Looking for some upper-body cardio? Krank it up
Go into any health club,” Jonathan Goldberg says. “You’re not going to see anyone cruising around in a wheelchair and having a good time.”
But Goldberg has plans to change that with his Krankcycle. It’s a machine that lets you turn a flywheel with your hands instead of your feet, making cardio conceivable for people with lower-body injuries.
It’s a simple idea. Similar hand cranks, usually called upper body ergometers (or UBEs), have been fixtures in the rehab world for years. But Goldberg gussied up the standard equipment so that it’s more adjustable and the arms move independently, allowing for a variety of movement patterns. “And it looks like it’s something from outer space,” he adds.
Most importantly, however, he’s introducing it to gyms around the world as the next innovation in fitness. That has some real weight, given that Goldberg is better known as Johnny G, the guy who invented Spinning. When he launched cycling in a group exercise format more than 20 years ago, it was a revolutionary notion — in many ways.
With Kranking, which had its formal debut last year, Goldberg says he’s making an even greater contribution to the industry and society. “It realistically expands the scope of possibilities for individuals who couldn’t participate before,” he says.
Even for individuals who could, there are clear benefits from the equipment. Goldberg points out that the other pieces it joins in the cardio section of a club — treadmills, steppers, recumbent bikes — are all lower-body intensive. “Very little work by the average person is done by the upper body,” he says.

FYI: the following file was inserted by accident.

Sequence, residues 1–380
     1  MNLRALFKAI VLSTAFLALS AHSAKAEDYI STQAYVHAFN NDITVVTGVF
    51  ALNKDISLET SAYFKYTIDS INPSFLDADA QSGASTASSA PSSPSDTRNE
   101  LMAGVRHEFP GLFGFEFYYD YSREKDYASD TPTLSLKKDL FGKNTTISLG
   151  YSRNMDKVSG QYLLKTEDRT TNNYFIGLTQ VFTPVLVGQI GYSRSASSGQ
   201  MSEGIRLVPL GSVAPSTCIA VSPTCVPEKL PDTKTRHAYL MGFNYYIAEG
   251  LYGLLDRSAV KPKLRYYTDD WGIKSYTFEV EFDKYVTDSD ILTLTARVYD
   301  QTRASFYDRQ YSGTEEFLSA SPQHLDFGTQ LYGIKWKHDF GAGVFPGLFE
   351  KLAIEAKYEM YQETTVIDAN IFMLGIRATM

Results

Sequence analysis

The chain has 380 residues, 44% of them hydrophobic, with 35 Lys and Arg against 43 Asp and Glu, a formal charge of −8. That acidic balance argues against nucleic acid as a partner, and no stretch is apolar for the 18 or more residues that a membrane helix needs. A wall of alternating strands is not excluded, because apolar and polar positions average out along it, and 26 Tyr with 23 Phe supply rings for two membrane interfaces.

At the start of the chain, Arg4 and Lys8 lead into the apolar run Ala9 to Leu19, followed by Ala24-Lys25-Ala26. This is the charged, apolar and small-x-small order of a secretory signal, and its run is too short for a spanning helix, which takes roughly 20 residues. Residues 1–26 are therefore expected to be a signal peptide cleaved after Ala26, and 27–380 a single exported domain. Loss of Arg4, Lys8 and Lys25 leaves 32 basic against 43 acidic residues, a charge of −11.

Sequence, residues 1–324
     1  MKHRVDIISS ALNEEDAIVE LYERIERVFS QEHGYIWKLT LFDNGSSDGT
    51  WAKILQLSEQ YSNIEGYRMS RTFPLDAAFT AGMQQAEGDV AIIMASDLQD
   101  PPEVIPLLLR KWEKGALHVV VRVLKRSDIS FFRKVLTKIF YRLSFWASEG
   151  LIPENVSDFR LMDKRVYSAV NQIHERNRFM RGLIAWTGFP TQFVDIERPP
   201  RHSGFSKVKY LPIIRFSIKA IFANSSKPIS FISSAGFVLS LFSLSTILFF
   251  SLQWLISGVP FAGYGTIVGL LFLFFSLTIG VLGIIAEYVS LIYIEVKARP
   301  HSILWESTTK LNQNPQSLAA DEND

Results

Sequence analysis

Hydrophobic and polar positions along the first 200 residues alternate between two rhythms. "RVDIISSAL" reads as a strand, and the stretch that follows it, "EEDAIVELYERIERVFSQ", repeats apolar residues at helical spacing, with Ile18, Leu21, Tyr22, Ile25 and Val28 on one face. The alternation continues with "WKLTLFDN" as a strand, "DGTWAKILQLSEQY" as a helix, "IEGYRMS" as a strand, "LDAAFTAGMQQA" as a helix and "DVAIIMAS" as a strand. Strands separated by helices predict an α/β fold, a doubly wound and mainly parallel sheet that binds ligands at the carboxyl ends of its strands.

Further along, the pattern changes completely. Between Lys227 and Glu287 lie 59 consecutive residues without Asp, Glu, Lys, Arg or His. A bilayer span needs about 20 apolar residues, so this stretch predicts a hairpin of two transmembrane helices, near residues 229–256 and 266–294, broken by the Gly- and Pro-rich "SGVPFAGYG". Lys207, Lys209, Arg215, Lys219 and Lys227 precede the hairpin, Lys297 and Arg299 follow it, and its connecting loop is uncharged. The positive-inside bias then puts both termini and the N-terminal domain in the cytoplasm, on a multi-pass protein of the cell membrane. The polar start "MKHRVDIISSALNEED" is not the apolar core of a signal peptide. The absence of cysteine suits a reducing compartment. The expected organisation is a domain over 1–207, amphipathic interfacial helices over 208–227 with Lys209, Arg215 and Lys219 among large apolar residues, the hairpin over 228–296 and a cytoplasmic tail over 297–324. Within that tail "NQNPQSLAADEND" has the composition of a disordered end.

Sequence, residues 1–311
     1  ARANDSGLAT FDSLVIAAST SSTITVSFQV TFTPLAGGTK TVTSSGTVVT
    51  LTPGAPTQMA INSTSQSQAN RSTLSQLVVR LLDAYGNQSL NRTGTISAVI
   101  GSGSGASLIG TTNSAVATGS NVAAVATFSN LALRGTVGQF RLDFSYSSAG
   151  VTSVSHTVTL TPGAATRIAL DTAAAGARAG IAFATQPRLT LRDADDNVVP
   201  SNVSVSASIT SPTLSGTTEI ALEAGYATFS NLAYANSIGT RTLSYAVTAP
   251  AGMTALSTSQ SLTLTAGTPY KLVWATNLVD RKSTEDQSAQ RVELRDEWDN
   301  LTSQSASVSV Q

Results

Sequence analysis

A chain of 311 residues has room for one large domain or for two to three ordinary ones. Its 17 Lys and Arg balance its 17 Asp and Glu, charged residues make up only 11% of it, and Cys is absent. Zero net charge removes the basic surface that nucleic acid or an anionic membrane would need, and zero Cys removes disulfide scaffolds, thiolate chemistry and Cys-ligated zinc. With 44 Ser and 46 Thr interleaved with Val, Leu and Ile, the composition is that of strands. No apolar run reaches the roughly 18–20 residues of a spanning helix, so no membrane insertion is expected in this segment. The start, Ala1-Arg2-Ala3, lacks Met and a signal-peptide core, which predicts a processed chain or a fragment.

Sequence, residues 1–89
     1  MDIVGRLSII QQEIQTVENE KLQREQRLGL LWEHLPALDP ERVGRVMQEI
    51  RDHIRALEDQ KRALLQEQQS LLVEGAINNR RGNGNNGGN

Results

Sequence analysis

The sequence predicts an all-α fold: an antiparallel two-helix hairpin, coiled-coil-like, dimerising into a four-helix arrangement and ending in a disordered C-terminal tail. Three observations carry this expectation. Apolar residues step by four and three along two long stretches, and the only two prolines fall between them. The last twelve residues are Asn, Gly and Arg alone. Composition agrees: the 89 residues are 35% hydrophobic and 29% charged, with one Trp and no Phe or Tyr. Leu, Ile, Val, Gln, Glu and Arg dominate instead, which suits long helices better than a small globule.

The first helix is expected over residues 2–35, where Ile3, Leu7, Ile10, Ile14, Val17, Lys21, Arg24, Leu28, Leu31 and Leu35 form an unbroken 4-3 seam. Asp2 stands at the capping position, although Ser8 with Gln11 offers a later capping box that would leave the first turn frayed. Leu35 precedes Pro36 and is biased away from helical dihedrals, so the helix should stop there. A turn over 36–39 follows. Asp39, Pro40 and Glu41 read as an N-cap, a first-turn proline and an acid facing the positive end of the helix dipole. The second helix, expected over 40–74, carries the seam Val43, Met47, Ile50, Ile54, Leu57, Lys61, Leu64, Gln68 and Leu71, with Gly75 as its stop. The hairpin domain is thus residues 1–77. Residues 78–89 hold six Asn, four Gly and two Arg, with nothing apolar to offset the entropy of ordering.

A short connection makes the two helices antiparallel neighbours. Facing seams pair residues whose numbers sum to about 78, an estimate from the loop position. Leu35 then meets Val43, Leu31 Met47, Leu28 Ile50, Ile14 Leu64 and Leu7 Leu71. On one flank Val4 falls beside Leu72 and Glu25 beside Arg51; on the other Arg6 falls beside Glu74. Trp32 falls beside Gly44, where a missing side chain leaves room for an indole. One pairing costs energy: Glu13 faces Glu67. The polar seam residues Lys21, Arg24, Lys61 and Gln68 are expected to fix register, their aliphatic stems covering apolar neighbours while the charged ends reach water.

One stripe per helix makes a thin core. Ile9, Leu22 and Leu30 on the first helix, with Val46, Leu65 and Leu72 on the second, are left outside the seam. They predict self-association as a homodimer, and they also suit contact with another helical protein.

But if you’re cross-training by adding a Krankcycle to your routine, you’re giving extra attention to your biceps, triceps, chest and upper back, which helped the Krankcycle earn high marks in an American Council on Exercise study released a few months ago. (Participants also burned an impressive average of nine calories a minute during a half-hour Kranking class.)
Because most people aren’t as accustomed to using those muscles, and certainly not in that rotation motion, Goldberg admits there’s an initial awkwardness. “But then when you get the flow, you can go on a journey,” says Goldberg, who adds you’ll soon have the same sensation riders get on his bikes.
Just like the Spinner bikes, Krankcycles feature a resistance knob you turn to up the intensity. So, in class settings, each person can feel comfortable to work at his or her own level of ability, which Goldberg says is key to making “inclusive fitness” not just a buzzword, but reality.
That hits home for Goldberg, who hasn’t been able to exercise as strenuously since being diagnosed with a heart ailment in 2004. But a disability won’t prevent him from exercising, and if he has his way, it won’t stop anyone else, either.
Details: www.krankcycle.com .